Buster Mountain summit view toward Mt Lemmon
I had originally planned on hiking Pusch Peak from Pima Canyon until I came across this description http://hikearizona.com/decoder.php?ZTN=17807 on HikeArizona.com the night before. I really enjoyed my hike up Buster last year and wanted to see more of the area. So glad I hiked this one and covered some new ground instead- the trail up to Peak 4223 was delightful with fantastic views!
On the ridgeline looking north
I love autumn days when I can start my hike at noon. The weather was wonderful all day, sometimes overcast, sometimes breezy. Found the trail with no issues- it is very well cairned with good tread and hardly any poky things- almost seemed too easy! Interesting views of the Romero Canyon Trail and Samaniego Ridge.
Peak 4223 to the left, Buster on the right
Romero Canyon Trail
I passed Peak 4223 and made my way across the ridge to the low saddle. I saw a flurry of activity and got really excited for a second- was it one of the newly released bighorns? Sadly, no. Just some deer.
Approaching Peak 4223
Atop 4223 looking toward Buster
After looking at dry Buster Spring I contoured around to meet the saddle to the east of Buster. There was no trail, but occasional cairns popped up from time to time. Thankfully the grass seeds weren’t too bad, that can turn a hike into a foot-stabbing nightmare quick. Also, not much shindagger on this route, not like areas in Pima Canyon where you are shindagger-surfing. Speaking of which, I had a great view of Table Mountain’s summit where Wendy and I spent a chilly night last year by the fireplace.
The views into Alamo Canyon are some of my favorite in all the Catalinas, so dramatic with the massive Leviathan and Wilderness Domes. The saddle felt remote, Buster blocked out civilization beyond, the sprawl of Oro Valley pink-tiled roofs.
Great views into Alamo Canyon
One last short steep bit to the summit and I settled in for a long break. It was windy, but not cold. I loved that there was very little chance that I’d see anyone else today, even though the first parking lot was full.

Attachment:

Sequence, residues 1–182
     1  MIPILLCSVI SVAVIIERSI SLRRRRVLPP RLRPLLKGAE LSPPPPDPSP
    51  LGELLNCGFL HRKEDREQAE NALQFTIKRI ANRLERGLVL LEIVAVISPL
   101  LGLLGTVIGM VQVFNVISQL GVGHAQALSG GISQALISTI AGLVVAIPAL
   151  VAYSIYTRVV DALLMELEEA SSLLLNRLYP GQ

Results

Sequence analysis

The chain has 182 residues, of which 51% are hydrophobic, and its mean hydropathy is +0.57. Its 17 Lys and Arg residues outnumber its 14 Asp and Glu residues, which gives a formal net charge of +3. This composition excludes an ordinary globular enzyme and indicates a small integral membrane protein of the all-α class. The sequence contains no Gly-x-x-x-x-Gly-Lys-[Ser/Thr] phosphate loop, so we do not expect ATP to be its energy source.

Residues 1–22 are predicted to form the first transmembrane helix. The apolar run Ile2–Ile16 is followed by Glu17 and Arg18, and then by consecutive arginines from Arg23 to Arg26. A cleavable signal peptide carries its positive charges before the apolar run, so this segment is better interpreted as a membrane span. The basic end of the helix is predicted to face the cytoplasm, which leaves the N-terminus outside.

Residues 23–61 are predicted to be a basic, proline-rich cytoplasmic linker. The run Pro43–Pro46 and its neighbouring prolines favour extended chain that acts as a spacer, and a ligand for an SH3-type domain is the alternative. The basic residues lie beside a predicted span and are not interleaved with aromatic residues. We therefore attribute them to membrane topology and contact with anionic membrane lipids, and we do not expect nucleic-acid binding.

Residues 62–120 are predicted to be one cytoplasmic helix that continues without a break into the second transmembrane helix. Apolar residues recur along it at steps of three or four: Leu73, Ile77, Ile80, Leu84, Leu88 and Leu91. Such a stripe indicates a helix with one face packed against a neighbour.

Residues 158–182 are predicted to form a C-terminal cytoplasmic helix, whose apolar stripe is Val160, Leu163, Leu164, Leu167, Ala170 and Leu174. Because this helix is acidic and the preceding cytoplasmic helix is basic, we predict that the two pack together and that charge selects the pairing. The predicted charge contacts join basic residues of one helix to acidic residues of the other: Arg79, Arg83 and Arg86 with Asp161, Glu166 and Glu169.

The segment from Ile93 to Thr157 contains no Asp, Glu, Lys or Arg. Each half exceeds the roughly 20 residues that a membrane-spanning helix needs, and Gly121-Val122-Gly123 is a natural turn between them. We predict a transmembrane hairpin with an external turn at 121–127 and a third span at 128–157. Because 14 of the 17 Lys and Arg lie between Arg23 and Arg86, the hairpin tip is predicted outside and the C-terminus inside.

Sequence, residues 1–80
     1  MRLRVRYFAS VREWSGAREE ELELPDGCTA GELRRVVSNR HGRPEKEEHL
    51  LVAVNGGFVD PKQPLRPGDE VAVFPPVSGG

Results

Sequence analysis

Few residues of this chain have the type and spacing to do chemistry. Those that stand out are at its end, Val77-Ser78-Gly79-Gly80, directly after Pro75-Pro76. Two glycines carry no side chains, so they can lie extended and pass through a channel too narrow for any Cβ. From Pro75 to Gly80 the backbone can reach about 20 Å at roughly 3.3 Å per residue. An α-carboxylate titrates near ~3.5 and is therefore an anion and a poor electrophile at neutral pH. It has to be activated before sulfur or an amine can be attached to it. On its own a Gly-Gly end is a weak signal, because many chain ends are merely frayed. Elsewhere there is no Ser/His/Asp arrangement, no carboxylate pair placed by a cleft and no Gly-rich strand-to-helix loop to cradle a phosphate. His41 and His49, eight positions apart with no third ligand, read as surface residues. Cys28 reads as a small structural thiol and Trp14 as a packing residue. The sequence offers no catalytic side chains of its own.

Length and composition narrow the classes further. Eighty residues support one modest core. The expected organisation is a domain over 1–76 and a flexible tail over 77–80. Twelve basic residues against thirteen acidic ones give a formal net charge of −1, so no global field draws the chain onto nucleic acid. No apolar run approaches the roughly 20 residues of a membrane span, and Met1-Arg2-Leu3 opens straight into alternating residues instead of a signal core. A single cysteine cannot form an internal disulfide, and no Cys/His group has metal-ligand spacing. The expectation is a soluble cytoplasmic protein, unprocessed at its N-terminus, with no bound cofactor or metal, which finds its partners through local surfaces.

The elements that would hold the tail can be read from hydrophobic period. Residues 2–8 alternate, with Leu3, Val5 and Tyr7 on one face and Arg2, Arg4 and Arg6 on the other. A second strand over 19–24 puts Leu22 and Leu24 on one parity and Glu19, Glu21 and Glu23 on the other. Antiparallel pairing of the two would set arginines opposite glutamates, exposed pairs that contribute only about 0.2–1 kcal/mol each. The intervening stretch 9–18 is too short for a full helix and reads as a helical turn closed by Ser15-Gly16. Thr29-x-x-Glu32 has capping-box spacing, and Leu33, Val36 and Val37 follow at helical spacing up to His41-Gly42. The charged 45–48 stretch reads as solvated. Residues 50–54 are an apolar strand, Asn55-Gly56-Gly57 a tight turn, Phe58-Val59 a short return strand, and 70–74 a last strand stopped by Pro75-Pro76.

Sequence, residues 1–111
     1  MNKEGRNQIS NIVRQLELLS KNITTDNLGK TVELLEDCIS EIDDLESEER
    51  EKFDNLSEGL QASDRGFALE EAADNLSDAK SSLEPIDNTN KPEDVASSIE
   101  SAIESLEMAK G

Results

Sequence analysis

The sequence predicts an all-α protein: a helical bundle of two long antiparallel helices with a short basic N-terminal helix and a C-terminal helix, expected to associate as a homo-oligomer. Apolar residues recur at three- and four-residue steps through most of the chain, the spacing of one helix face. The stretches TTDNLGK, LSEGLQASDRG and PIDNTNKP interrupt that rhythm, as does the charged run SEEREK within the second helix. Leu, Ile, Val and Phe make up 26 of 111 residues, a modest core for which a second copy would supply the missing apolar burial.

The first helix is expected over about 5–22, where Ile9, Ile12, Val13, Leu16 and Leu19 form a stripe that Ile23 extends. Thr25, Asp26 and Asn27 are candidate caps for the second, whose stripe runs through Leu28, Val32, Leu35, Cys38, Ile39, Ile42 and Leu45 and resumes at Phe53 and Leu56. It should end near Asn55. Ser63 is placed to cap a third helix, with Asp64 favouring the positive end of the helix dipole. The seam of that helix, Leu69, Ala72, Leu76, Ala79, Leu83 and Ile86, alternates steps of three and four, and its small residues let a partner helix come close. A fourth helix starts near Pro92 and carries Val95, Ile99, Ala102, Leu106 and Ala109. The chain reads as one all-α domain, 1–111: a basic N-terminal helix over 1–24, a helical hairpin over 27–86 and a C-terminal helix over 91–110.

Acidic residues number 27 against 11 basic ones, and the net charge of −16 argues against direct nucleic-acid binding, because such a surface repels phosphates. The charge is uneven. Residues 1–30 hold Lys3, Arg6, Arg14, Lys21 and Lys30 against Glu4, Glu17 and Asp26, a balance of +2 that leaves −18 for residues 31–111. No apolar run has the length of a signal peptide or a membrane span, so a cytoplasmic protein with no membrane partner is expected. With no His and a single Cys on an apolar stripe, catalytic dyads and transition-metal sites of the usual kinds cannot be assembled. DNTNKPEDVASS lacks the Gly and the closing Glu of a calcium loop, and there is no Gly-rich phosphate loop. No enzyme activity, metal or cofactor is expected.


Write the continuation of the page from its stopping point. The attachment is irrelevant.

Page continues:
Leviathan and Wilderness Domes
After an enjoyable time on the summit, reading old logs and listening to music, I started down the east side. The small saddle below the summit really speaks to me and I stopped again. Spent time playing with my camera settings and investigating a cairned route that I think connects up with the trail in Alamo Canyon.
Micro Chicken is getting close to his second birthday. And yes- I’m wearing sparkly nail polish. Don’t judge.
Who the heck was Buster anyway? Here’s the history from the HikeArizona page:
Though details are slim, the history of this immediate area seems to revolve around the late Buster Bailey. Buster moved here from Texas in 1927. His father built their home somewhere in the area that is now Catalina State Park. Buster’s family soon moved back to Texas, but Buster returned to his one true love, The Catalina Mountains. He worked for area ranchers, he worked for the Zimmerman family, who developed what is now Summer Haven on Mt. Lemmon, but Buster’s real claim to fame was as a bootlegger, operating his still near the waters of the now dry Buster Spring. Remnants of his still are said to be in place, though in disrepair, somewhere near the current spring. This was Buster’s stomping ground, and you just can’t help but feel connected to him while you’re here. It’s said that he packed his product down alternating routes, so not to leave any obvious trails. It would be safe to say that if you’re on any passable route in or around Buster Canyon, Buster, himself had been there.
I really needed a day like this- just me and the Catalinas. What a great route, I’ll have to check out the Alamo Canyon variation sometime.
In Wildlife Rehab news, I came across this picture from of a baby ringtail that we raised that was sent to an educational facility. Look at that yawn!! Donations go toward housing and feeding the animals at Wildlife Rehabilitation Northwest Tucson.
Yawning Baby Ringtail
Here’s a video:
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